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The Canadian Cooperation Project seeks to protect Canadian film

The Story

Politicians and businessmen called it a gentleman's agreement. But Canadian feature filmmakers saw it as nothing short of a raw deal -- a complete sellout to the Americans. The issue at stake: the Canadian Cooperation Project, explained in this CBC Television documentary. In 1947, MPs floated the idea of creating a tax on the distribution of American films in Canada. But the Americans vigorously sought to protect the free market. Both sides scrambled to find a compromise. The Americans proposed that in exchange for the right to distribute their films in Canada with no tariffs, American filmmakers would inject mentions of Canadiana into their scripts. They suggested that tourism to Canada would accordingly boom. From 1948 to 1958, American cinema featured brave Mounties, visiting relatives from Winnipeg, and French-Canadian lumberjacks. But during this ten-year span, Canadian film producers struggled to compete with American films flooding Canadian movie houses. 

Medium: Radio
Program: Prime Time
Broadcast Date: Feb. 4, 1975
Guests: Taylor Mills, Blake Owensmith, Lew Perry
Host: Don McNeill
Duration: 12:13
Film credit: Warner Brothers, Republic Pictures Corporation

Did You know?

• The Canadian Cooperation Project also stipulated that the Motion Picture Export Association of America would distribute NFB films and Canadian travelogues in American theatres.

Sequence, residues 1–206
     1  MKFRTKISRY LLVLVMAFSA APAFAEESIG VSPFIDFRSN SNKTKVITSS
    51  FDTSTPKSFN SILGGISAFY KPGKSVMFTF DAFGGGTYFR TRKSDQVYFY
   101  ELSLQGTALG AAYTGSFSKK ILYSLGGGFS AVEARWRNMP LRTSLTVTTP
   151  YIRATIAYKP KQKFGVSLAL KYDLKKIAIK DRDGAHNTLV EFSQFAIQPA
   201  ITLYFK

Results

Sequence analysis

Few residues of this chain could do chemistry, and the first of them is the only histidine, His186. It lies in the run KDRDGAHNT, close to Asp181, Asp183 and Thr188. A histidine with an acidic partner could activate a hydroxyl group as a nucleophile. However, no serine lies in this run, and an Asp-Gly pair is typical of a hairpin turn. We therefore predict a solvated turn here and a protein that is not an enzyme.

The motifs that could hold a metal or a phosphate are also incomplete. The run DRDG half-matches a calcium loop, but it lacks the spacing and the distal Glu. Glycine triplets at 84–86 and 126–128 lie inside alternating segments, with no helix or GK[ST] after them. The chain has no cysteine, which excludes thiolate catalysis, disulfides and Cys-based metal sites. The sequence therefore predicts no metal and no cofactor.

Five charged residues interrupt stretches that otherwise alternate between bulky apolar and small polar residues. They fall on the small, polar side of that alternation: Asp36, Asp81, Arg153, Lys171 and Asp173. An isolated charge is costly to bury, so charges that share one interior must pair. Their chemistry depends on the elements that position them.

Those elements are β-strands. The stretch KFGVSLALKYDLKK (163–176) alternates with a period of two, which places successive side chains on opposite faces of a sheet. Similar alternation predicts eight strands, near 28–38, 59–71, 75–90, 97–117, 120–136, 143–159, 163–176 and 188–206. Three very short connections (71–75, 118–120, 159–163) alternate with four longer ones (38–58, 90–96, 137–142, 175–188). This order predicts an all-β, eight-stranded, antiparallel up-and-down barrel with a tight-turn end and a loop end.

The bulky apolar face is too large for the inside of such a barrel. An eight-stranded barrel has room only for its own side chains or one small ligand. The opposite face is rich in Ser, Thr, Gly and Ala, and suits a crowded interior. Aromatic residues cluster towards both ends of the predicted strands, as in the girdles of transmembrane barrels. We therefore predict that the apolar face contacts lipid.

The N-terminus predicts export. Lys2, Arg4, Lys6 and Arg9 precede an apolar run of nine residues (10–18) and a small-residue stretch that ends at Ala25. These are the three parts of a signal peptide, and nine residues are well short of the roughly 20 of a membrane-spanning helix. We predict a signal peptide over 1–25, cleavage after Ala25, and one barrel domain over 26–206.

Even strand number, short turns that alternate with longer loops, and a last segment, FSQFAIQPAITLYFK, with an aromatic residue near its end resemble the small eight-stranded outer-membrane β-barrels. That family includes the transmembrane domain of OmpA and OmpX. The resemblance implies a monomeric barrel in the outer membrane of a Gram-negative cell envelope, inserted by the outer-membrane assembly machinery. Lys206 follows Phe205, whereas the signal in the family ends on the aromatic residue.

• In 1958, the Canadian Cooperation Project ended its ten year run. The project was deemed a success by both American and Canadian partners. They cited a 15 per cent increase in American tourists north of the border over the 10-year span. But critics argued that the tourism mini-boom was not necessarily a direct result of the Canadian Cooperation Project.

• In 1927, Great Britain instituted the 1927 Cinematograph Films Act, a film quota system to curb the massive tide of American films and promote homegrown talent. The Act sought to raise the exhibition of British films from 5 to 20 per cent. A mass of low-budget "quota quickies" flooded the theatres to the dismay of serious moviegoers. But, in the end, producers established a string of movie companies and re-invested the revenues from the quota films, thereby rejuvenating the British film industry.

Film Credits: "Bend of the River," Universal International Pictures, Warner Brothers, "Canadian Mounties vs. Atomic Invaders," Republic Pictures Corporation



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